Sep 25 20:45:43 starbuck kernel: [  205.866738] usb 2-1.2: New USB device strings: Mfr=1, Product=2, SerialNumber=0
Sep 25 20:45:43 starbuck kernel: [  205.866747] usb 2-1.2: Product: PLAYSTATION(R)3 Controller
Sep 25 20:45:43 starbuck kernel: [  205.866755] usb 2-1.2: Manufacturer: Sony
Sep 25 20:45:43 starbuck mtp-probe: checking bus 2, device 4: "/sys/devices/pci0000:00/0000:00:1d.7/usb2/2-1/2-1.2"
Sep 25 20:45:43 starbuck mtp-probe: bus: 2, device: 4 was not an MTP device
Sep 25 20:45:43 starbuck kernel: [  206.045910] sony 0003:054C:0268.0005: Fixing up Sony Sixaxis report descriptor
Sep 25 20:45:43 starbuck kernel: [  206.089500] input: Sony PLAYSTATION(R)3 Controller as /devices/pci0000:00/0000:00:1d.7/usb2/2-1/2-1.2/2-1.2:1.0/input/input14
Sep 25 20:45:43 starbuck kernel: [  206.093696] sony 0003:054C:0268.0005: input,hiddev0,hidraw2: USB HID v1.11 Joystick [Sony PLAYSTATION(R)3 Controller] on usb-0000:00:1d.7-1.2/input0
S

Now, run the jstest /dev/input/js0 command. When you press the buttons, you should see numbers changing on your screen. When I first did this, I did not. It turns out I had to reset the controller to factory defaults, and everything worked fine after that (paperclip-sized-hole underneath the controller close to the left trigger buttons).

Do you want some lower-level configuration? If you are running a sixaxis controller on Ubutnu, you just might be that type of person. Go checkout the Ubuntu Sixaxis page, which talks about how to pair the device over bluetooth, even how to use the really cool QTSixA tool.

But enough of reality, if you have /dev/input/js0 and jstest works, you are golden. All your games and emulators should now “just work”.

Thanks Ubuntu developers and community, and happy gaming!

Bashing Your Head in: Local Is a Command

Bash has a major conceptional drawback. No, I’m not talking about odd syntax, overuse of whitespace delimiters or even the slow performance. Nearly everything in the language is a command. Bash works really well for executing simple Unix commands, parsing the output, and acting on their return codes, but it sometimes returns confusing results when you fail to remember that it’s own builtin commands use this same system for reporting output and results.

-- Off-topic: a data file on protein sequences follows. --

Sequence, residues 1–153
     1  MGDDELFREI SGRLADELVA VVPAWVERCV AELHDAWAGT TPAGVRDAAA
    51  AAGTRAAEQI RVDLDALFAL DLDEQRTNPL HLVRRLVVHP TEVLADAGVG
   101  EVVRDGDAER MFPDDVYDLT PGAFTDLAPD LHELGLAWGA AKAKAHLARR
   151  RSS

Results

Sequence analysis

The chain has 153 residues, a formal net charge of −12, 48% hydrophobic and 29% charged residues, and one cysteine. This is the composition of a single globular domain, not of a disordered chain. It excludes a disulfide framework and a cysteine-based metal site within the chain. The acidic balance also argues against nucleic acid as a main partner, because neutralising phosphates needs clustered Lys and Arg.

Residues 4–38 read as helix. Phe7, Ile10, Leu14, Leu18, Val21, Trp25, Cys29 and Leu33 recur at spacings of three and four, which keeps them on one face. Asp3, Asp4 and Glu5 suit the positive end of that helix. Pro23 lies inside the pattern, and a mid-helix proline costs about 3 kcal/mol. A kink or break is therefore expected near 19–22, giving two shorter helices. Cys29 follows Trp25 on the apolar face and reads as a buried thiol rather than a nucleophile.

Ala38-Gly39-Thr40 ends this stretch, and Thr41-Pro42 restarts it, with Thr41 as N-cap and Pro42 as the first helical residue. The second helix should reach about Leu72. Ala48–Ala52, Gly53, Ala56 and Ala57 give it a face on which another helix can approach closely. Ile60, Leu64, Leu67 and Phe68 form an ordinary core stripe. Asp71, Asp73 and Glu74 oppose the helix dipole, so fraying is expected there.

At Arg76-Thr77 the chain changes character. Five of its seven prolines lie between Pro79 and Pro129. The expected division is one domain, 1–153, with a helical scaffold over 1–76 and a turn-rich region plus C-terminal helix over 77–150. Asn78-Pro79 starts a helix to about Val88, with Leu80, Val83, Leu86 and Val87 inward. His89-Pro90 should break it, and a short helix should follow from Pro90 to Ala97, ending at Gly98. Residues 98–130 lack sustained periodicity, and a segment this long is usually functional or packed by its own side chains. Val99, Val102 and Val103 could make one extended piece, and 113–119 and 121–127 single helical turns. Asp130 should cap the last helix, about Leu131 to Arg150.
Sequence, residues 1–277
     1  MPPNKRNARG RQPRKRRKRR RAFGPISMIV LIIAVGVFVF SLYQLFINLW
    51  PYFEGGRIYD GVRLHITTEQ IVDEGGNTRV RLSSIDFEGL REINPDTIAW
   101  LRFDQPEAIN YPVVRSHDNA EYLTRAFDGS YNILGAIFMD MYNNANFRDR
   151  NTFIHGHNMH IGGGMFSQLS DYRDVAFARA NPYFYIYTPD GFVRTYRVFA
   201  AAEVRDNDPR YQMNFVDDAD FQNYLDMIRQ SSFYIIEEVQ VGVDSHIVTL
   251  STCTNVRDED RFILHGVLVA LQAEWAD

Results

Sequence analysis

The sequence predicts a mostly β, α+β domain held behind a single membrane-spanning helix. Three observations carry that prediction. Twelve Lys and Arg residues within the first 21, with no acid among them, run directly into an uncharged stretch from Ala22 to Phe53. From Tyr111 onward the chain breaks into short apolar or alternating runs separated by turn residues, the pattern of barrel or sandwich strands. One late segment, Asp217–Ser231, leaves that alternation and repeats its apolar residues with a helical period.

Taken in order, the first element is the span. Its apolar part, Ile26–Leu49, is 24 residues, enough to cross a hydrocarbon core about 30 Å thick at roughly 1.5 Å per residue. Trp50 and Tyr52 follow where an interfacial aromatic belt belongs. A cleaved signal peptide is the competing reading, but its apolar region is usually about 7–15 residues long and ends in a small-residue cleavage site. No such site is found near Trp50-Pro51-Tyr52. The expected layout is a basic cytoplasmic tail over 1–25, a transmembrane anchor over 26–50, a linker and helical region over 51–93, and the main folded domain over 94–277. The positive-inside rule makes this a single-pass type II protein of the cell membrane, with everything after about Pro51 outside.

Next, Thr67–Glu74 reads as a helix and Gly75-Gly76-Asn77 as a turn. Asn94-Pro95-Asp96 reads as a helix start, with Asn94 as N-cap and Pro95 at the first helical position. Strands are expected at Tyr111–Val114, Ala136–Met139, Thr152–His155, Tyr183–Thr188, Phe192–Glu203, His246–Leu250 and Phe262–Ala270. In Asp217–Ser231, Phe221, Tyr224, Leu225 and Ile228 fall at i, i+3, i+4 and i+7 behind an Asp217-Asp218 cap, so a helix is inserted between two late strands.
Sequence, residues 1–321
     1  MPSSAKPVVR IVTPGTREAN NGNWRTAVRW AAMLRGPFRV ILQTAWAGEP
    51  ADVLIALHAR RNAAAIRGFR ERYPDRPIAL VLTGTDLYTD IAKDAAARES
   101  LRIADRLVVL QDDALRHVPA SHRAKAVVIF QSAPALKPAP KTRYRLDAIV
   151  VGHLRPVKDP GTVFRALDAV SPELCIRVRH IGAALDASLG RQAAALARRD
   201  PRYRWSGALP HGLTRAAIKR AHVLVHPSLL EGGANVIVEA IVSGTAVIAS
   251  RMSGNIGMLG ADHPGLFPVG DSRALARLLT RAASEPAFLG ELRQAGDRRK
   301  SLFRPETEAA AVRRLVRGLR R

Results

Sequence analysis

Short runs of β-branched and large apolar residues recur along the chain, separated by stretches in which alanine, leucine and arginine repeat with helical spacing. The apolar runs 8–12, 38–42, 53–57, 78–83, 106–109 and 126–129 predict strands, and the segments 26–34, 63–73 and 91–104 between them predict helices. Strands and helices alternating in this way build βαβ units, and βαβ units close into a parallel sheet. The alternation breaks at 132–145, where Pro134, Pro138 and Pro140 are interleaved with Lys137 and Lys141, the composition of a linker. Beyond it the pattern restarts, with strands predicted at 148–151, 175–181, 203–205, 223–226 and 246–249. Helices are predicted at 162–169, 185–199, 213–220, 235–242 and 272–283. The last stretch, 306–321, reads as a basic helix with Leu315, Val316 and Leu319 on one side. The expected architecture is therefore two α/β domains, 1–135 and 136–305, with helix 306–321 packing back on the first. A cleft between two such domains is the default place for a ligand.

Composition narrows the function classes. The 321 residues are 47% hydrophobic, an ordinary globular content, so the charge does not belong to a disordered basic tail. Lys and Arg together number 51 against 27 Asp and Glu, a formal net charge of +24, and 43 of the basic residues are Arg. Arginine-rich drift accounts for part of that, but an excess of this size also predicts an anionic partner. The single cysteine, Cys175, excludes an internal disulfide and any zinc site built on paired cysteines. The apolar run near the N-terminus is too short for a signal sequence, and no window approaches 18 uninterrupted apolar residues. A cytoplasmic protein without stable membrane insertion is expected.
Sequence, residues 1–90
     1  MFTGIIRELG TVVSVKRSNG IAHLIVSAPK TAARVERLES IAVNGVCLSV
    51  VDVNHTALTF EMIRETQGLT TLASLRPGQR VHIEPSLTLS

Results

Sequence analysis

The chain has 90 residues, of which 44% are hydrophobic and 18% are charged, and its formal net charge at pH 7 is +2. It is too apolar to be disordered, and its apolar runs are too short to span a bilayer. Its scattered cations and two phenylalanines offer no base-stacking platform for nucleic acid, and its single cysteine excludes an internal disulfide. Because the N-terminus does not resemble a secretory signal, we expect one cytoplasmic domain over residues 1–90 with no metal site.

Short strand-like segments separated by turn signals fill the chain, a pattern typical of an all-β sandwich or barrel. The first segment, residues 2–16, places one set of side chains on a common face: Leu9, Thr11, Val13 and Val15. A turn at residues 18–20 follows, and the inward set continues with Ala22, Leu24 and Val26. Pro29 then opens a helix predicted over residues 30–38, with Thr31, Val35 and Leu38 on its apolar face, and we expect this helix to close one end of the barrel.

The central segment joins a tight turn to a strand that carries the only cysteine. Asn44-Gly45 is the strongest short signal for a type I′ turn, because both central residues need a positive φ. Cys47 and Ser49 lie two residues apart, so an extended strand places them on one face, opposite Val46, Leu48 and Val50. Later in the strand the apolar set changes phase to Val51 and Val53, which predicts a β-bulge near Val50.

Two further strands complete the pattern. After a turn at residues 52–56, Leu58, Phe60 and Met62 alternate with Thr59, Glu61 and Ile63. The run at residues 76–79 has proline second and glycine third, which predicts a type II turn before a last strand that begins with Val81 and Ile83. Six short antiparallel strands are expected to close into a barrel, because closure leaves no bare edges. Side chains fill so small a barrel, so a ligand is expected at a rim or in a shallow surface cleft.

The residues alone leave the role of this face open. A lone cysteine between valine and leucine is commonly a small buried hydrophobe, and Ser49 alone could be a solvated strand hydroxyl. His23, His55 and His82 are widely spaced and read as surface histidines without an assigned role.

For instance, this bit of code is a clean (even if contrived) way to parse a syslog file for all executions of the CRON subsystem on Ubuntu. Quick and readable, runnable at the command line, and just makes sense:

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output=`cat /var/log/syslog | grep CRON | wc -l`
if [ $? -eq 0 ]; then
    echo "Found $output cron log line(s)"
else
    echo "No cron log lines found"
fi

Notice that I am capturing the output of that command into a variable named output. Ideally, you would want that output variable to be local, since output is a common word, and you could be trampling on some other code in a sourced file, or even in your own file. So, let’s do this:

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local output=`cat /var/log/syslog | grep CRON | wc -l`

There! All fixed. Except, it’s not. You probably see the problem, the local builtin is actually a command whose status is evaluated after the execution of your log parsing. Since local output will succeed in pretty much every case, the result of the last command ($?) will always evaluate to 0.

The best practice is always to

  1. Use Local variables
  2. Declare local variables on their own line

So our silly example becomes:

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local output
output=`cat /var/log/syslog | grep CRON | wc -l`
if [ $? -eq 0 ]; then
    echo "Found $output cron log line(s)"
else
    echo "No cron log lines found"
fi

Happy Bashing!